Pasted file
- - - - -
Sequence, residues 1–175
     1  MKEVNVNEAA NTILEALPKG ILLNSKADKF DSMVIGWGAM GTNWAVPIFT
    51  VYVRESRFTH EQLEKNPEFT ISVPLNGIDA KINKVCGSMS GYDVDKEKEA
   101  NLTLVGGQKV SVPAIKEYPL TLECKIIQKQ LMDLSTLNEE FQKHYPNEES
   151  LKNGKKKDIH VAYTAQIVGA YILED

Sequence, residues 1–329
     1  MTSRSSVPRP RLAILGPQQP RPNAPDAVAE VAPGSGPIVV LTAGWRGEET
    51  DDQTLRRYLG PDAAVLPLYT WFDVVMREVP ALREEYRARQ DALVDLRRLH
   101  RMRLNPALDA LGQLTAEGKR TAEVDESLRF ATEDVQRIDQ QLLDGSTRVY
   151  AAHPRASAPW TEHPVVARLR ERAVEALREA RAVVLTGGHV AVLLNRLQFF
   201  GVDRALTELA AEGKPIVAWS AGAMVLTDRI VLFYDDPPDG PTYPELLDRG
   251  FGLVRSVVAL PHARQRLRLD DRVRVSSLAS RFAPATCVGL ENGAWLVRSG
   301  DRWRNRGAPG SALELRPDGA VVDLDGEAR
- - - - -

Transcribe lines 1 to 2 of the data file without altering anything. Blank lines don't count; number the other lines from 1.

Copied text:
Sequence, residues 1–175
     1  MKEVNVNEAA NTILEALPKG ILLNSKADKF DSMVIGWGAM GTNWAVPIFT